Background/purpose: The aim of this study was to investigate long-term outcome and quality of life after the Swenson operation for rectosigmoid Hirschsprung's Disease (HD).
Methods: Forty-five patients who underwent the Swenson procedure for HD underwent follow-up for 8 to 16 years. Long-term outcome and quality of life were assessed by interviews and questionnaires including scoring systems. Forty-four healthy children with similar age, sex, and education level distributions used as controls.
Results: In 45 patients, 23 (51.1%) had bowel dysfunction. Seventeen patients (37.8%) suffered from fecal soiling. According to the clinical bowel function scoring system, the patients' scores (7.6 +/- 2.1) were significantly lower than those of the controls (11.4 +/- 0.6; P <.05). Because of poor fecal continence, 25 patients (55.7%) had to restrict their foods. School absence occurred in 6 (13.3%) patients. Seven patients (15.6%) had problems in peer relationships. According to the Quality-of-Life Scoring Criteria, 86.7% patients had good or fair quality of life. The patients' scores (7.7 +/- 2.9) were significantly lower than those of the controls (11.6 +/- 0.7; P <.05). And the scores of patients who had fecal soiling and incontinence (6.3 +/- 2.7) were significantly lower than those of patients without fecal soiling and incontinence (8.4 +/- 2.6; P <.05).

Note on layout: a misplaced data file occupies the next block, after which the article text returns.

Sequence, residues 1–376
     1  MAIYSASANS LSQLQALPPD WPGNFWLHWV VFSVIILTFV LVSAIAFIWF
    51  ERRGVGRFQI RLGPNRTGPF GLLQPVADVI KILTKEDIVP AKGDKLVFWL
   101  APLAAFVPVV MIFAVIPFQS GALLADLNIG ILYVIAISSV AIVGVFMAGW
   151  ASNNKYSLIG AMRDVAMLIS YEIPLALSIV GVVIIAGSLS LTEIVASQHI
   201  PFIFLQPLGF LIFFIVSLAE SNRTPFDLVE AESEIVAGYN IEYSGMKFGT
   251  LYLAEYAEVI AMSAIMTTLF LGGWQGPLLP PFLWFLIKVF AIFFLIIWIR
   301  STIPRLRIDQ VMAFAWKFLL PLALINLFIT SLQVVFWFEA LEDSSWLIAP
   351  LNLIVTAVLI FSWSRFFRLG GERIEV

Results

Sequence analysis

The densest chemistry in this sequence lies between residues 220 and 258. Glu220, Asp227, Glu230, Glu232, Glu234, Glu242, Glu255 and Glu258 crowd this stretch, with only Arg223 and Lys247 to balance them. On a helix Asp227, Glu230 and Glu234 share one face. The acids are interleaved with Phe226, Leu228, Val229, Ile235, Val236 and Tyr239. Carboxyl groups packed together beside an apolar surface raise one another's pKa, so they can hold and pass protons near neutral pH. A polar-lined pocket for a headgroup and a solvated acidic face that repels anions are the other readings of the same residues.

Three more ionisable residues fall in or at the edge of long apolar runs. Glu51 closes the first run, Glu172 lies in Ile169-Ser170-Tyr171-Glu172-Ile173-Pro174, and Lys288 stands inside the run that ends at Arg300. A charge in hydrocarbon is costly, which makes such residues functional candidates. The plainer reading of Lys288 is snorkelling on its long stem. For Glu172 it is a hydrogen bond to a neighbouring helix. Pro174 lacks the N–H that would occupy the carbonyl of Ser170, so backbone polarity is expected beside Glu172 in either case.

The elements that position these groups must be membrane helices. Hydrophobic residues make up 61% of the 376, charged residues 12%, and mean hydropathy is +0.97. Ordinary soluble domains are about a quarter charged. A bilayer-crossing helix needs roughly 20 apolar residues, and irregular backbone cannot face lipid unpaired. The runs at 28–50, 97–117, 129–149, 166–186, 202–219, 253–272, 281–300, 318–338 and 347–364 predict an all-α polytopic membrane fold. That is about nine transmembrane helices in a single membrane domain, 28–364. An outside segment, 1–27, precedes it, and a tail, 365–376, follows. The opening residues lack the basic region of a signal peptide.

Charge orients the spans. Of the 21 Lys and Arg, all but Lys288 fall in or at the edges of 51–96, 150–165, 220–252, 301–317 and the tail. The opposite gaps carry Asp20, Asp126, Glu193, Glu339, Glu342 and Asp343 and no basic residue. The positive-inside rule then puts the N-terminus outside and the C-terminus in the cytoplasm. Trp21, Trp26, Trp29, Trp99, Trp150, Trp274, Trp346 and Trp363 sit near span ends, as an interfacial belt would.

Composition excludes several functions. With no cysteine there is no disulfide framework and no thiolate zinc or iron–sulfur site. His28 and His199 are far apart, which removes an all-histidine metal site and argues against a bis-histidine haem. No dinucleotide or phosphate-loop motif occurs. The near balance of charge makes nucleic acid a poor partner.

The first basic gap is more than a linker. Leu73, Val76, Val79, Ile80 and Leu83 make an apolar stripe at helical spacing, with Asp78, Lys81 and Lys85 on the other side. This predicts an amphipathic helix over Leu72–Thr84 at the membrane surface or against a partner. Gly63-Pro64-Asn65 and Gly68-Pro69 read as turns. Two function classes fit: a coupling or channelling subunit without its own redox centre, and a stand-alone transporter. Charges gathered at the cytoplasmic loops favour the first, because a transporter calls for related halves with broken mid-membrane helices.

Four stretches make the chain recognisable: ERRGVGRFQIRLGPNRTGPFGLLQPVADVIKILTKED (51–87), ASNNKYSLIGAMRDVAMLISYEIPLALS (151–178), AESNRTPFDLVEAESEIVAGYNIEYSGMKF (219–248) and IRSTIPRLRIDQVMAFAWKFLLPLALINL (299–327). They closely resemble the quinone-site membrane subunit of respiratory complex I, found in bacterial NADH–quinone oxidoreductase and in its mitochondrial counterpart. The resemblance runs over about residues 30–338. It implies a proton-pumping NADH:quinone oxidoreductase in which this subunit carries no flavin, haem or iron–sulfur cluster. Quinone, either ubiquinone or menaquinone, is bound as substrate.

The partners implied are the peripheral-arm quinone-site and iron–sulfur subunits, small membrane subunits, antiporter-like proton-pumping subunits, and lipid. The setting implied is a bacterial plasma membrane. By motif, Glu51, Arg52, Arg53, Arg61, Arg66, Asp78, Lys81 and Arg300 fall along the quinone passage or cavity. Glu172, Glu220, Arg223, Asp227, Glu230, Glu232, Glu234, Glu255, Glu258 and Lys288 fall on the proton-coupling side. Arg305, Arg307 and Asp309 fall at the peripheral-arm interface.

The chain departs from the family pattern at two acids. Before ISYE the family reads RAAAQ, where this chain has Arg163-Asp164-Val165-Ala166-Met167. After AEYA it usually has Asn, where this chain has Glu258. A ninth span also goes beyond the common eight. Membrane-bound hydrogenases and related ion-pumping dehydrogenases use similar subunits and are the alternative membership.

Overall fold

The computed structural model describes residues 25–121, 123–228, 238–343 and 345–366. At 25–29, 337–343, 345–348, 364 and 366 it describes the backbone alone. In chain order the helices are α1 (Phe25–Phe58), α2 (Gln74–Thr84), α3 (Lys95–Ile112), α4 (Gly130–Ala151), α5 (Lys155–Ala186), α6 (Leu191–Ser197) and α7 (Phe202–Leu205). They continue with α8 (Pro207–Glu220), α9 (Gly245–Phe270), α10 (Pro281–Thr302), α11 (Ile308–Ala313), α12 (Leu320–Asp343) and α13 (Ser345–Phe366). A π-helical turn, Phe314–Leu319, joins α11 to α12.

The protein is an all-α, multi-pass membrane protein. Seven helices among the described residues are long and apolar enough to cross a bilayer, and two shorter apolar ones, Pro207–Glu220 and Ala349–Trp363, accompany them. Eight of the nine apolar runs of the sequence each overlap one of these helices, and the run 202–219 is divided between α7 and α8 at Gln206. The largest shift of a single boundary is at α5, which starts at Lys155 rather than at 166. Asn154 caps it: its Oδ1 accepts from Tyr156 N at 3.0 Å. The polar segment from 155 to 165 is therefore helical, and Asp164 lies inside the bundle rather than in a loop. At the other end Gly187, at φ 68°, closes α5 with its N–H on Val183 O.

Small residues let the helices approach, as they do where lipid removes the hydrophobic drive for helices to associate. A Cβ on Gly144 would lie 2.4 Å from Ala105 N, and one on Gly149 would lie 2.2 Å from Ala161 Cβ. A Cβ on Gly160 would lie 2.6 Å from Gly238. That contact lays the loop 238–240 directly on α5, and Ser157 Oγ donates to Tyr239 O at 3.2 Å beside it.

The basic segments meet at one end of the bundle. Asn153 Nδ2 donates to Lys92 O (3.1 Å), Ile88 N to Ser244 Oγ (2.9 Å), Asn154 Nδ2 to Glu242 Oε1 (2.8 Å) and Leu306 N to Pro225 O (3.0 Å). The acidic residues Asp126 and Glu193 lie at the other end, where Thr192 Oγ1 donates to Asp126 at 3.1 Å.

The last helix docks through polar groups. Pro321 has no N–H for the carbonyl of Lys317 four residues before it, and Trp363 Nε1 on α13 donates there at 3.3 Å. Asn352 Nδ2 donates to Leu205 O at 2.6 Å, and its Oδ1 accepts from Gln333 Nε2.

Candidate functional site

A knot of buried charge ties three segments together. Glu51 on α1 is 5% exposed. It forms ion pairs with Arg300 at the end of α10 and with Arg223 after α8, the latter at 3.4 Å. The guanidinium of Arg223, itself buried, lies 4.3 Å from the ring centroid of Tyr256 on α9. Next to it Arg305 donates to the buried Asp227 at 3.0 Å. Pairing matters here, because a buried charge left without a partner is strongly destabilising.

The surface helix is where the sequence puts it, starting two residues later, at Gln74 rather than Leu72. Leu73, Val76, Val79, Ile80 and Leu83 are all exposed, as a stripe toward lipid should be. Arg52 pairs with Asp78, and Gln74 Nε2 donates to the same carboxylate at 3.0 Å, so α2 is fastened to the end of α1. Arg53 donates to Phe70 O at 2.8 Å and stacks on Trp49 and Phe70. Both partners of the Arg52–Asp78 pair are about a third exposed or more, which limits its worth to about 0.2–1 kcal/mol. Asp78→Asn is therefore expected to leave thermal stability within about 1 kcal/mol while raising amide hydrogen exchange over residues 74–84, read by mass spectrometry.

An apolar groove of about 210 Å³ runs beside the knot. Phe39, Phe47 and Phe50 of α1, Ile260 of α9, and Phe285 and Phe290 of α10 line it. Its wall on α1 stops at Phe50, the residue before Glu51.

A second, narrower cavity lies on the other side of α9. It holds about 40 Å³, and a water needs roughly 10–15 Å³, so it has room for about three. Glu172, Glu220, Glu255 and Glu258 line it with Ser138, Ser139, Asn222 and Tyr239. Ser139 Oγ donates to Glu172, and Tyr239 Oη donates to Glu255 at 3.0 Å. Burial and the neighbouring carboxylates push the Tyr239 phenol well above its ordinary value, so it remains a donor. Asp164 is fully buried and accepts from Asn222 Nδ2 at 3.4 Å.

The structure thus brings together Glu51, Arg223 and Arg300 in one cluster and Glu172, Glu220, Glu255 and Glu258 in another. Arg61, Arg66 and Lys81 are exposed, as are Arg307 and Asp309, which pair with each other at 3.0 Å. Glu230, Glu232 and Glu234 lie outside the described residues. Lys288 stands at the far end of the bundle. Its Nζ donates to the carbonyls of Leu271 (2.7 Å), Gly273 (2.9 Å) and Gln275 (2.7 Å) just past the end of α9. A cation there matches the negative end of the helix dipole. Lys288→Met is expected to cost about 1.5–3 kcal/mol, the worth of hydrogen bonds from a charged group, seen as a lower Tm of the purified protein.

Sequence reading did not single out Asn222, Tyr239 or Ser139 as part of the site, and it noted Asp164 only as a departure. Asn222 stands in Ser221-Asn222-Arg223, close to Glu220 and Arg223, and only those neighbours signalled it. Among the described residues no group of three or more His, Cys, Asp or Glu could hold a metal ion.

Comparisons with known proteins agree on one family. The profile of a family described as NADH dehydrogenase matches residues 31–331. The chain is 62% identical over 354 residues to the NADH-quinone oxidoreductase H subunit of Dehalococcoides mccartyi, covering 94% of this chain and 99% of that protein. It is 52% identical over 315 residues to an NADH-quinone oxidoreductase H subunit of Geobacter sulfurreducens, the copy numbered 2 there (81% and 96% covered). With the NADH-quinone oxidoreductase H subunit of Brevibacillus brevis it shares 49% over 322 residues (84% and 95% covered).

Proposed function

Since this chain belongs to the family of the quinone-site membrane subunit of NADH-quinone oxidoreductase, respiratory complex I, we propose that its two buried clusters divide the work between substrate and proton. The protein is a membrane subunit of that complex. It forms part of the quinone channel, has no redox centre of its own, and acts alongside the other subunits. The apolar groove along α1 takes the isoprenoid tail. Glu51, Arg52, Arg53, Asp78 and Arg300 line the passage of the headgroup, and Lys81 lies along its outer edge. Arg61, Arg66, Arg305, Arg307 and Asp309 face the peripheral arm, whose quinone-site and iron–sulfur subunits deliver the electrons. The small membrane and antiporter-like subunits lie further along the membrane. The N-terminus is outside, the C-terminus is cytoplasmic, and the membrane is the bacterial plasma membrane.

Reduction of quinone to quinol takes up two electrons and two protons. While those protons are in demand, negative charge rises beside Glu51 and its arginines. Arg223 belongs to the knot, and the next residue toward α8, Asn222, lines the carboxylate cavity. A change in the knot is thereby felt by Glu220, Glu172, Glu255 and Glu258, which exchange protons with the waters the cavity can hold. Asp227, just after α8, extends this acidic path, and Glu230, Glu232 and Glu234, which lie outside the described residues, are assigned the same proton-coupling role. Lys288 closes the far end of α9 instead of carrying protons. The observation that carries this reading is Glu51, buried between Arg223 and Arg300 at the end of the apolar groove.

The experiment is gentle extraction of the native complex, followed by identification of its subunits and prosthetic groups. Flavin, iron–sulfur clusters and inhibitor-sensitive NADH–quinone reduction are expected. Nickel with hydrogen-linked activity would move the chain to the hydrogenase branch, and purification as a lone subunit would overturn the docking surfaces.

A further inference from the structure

Conclusions: Although most patients had good or fair quality of life after surgical correction for HD, the long-term outcome and quality of life are not as good as surgeons expected. The bowel function and quality of life of the patients were poorer than those of healthy children. Fecal soiling is very common and affects patients' quality of life. Long-term regular follow-up is indispensable. Close attention should be paid to minimizing bowel dysfunction for patients with HD postoperatively to improve their quality of life.
Copyright 2002, Elsevier Science (USA). All rights reserved.